Depression frequently co-occurs with HIV infection and can result in self-reported overestimates of cognitive deficits. Conversely, genuine cognitive dysfunction can lead to an under-appreciation of cognitive deficits. The degree to which depression and cognition influence self-report of capacity for instrumental activities of daily living (IADLs) requires further investigation. This study examined the effects of depression and cognitive deficits on self-appraisal of functional competence among 107 HIV-infected adults. As hypothesized, higher levels of depression were found among those who over-reported problems in medication management, driving, and cognition when compared to those who under-reported or provided accurate self-assessments. In contrast, genuine cognitive dysfunction was predictive of under-reporting of functional deficits. Together, these results suggest that over-reliance on self-reported functional status poses risk for error when diagnoses require documentation of both cognitive impairment and associated functional disability in everyday life.
doi:10.1080/13854046.2010.539577
PMCID: PMC3616492  PMID: 21331979
Depression; Self-report; Functional ability; Cognition; HIV
9.  Effects of Marathi-Hindi Bilingualism on Neuropsychological Performance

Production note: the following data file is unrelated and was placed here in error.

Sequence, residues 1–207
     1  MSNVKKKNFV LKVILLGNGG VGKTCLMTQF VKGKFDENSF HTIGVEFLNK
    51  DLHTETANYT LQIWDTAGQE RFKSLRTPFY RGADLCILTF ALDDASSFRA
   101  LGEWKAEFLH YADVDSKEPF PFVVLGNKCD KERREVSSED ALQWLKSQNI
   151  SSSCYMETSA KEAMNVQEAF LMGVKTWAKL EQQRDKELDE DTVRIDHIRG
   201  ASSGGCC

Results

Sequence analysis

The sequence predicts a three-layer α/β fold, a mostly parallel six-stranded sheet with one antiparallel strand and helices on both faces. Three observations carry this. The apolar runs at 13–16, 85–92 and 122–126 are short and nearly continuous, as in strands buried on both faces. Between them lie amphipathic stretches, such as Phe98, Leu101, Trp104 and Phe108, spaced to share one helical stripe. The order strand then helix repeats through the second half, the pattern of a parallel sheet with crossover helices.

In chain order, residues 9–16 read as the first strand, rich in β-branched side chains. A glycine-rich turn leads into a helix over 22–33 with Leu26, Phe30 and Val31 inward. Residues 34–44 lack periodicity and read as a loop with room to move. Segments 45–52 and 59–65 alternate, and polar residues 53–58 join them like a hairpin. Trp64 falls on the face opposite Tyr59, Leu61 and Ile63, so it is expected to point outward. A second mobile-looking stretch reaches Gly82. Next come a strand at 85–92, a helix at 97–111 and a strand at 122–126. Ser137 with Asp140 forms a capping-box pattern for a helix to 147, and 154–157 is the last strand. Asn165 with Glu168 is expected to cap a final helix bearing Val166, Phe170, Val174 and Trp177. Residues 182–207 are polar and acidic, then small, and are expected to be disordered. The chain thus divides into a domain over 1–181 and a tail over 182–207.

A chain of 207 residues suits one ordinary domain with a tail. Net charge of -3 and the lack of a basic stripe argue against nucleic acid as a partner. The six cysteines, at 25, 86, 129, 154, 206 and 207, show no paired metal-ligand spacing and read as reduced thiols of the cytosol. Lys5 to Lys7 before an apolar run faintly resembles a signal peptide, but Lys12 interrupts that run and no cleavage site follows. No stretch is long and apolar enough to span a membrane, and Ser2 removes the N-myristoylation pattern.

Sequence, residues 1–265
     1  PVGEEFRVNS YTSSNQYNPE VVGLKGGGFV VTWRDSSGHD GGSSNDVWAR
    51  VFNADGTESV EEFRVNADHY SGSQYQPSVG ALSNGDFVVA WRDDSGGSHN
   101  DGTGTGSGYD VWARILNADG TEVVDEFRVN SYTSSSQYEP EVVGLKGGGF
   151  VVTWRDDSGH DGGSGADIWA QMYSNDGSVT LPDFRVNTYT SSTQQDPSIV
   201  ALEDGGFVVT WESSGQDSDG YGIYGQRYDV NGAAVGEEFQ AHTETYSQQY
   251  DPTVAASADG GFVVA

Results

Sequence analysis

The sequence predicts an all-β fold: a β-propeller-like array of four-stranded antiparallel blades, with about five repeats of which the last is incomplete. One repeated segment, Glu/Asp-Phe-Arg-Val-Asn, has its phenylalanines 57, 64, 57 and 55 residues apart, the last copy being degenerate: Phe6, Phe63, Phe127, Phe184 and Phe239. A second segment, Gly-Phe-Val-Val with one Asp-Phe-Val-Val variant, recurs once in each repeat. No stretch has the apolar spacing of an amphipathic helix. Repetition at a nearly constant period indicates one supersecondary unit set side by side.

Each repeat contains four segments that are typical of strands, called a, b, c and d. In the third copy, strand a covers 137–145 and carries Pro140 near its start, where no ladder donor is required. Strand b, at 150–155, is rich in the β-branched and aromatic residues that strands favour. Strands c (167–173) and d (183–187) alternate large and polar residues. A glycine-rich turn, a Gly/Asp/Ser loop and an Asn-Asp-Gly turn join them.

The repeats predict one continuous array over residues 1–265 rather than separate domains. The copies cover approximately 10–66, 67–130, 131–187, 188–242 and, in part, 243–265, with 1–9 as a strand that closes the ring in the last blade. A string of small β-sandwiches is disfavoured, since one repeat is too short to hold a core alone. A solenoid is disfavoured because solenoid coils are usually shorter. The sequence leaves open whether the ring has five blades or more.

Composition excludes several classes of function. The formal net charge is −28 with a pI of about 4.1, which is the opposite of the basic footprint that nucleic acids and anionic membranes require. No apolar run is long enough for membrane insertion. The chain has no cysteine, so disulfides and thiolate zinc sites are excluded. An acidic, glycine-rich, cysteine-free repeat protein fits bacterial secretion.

The present study aimed to examine if bilingualism affects executive functions and verbal fluency in Marathi and Hindi, two major languages in India, with a considerable cognate (e.g., activity is actividad in Spanish) overlap. A total of 174 native Marathi speakers from Pune, India, with varying levels of Hindi proficiency were administered tests of executive functioning and verbal performance in Marathi. A bilingualism index was generated using self-reported Hindi and Marathi proficiency. After controlling for demographic variables, the association between bilingualism and cognitive performance was examined. Degree of bilingualism predicted better performance on the switching (Color Trails-2) and inhibition (Stroop Color-Word) components of executive functioning; but not for the abstraction component (Halstead Category Test). In the verbal domain, bilingualism was more closely associated with noun generation (where the languages share many cognates) than verb generation (which are more disparate across these languages), as predicted. However, contrary to our hypothesis that the bilingualism “disadvantage” would be attenuated on noun generation, bilingualism was associated with an advantage on these measures. These findings suggest distinct patterns of bilingualism effects on cognition for this previously unexamined language pair, and that the rate of cognates may modulate the association between bilingualism and verbal performance on neuropsychological tests.